45.In this time, as also before the going of the Peloponnesians to Rhodes, came to pass the things that follow.Alcibiades, after the death of Chalcideus in battle at Miletus, being suspected by the Peloponnesians, and Astyochus having received letters from them from Lacedaemon to put him to death (for he was an enemy to Agis, and also otherwise not well trusted), retired to Tissaphernes first, for fear, and afterwards to his power hindered the affairs of the Peloponnesians.
And being in everything his instructor, he not only cut shorter their pay, insomuch as from a drachma he brought it to three oboles, and those also not continually paid, advising Tissaphernes to tell them how that the Athenians, men of a long continued skill in naval affairs, allowed but three oboles to their own, not so much for want of money, but lest the mariners, some of them growing insolent by superfluity, should disable their bodies by spending their money on such things as would weaken them, and others should quit the galleys with the arrear of their pay in their captains' hands for a pawn;
but also gave counsel to Tissaphernes to give money to the captains of the galleys and to the generals of the several cities, save only those of Syracuse, to give way unto it.For Hermocrates, [the general of the Syracusians,] was the only man, that in the name of the whole league stood against it.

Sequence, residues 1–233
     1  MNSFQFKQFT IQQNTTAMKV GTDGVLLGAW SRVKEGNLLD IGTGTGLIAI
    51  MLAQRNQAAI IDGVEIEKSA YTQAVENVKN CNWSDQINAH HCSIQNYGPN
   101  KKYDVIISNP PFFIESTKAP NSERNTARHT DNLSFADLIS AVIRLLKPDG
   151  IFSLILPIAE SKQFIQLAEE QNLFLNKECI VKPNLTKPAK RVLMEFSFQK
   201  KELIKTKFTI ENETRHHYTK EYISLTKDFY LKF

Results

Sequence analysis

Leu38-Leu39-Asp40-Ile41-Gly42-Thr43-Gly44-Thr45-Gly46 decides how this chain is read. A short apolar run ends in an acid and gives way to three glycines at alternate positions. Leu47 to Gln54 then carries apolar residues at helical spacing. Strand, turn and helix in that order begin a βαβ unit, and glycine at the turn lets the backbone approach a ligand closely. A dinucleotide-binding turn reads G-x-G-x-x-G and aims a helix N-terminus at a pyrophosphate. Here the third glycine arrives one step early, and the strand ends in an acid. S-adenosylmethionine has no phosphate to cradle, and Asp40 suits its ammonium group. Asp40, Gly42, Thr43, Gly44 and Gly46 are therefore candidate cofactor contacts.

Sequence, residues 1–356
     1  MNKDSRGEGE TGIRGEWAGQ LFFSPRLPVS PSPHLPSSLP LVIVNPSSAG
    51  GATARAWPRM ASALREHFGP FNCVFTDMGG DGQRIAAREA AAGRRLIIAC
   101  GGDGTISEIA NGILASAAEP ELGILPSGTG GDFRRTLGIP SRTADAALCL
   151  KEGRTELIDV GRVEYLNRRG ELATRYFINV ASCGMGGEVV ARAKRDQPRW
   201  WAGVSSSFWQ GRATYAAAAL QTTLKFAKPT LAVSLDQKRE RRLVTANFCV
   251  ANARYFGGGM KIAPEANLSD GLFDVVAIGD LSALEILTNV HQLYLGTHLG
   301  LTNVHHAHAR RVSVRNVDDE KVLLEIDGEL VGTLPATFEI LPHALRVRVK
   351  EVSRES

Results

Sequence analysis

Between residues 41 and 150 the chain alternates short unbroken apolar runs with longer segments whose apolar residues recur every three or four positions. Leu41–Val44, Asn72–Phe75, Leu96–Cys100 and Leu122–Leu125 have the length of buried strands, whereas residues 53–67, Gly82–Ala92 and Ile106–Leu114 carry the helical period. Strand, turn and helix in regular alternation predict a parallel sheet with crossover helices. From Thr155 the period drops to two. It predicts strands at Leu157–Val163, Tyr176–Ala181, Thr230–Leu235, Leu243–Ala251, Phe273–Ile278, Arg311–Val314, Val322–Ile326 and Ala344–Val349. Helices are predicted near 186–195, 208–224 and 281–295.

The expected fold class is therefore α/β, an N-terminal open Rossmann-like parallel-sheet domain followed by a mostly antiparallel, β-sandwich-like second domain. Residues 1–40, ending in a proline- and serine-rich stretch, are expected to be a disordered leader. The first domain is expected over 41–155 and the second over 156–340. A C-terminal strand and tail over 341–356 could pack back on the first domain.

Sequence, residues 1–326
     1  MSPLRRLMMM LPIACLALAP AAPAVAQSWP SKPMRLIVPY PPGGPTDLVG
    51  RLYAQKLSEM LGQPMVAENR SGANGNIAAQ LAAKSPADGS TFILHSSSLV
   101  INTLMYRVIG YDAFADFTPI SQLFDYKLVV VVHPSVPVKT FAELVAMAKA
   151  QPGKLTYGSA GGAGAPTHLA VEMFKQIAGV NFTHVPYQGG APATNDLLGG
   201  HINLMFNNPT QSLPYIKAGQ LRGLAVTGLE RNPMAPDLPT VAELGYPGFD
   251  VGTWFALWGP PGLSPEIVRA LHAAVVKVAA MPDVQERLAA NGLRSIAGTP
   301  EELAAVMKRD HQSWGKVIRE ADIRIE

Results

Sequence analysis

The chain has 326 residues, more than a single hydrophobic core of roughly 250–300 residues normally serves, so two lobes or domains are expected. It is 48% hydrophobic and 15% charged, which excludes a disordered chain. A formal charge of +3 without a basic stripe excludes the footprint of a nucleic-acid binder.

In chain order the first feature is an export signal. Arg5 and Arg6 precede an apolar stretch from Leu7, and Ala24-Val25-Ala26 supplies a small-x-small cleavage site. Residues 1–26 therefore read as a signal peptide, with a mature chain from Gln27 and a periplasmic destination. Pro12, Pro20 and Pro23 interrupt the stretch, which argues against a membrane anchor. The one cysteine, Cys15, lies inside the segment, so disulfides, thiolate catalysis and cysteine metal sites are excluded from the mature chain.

And for the cities that came to require money, he would put them back himself and answer them in Tissaphernes' name, and say, namely to the Chians, that they were impudent men, being the richest of the Grecian states and preserved by strangers, to expect nevertheless that others, for their liberty, should not only venture their persons but maintain them with their purses;
and to other states, that they did unjustly, having laid out their money before they revolted that they might serve the Athenians, not to bestow as much or more now upon themselves;
and told them that Tissaphernes, now he made war at his own charges, had reason to be sparing;but when money should come down from the king he would give them their full pay and assist the cities as should be fit.
The English works of Thomas Hobbes of Malmesbury. Thucydides. Thomas Hobbes. translator. London. Bohn. 1843.
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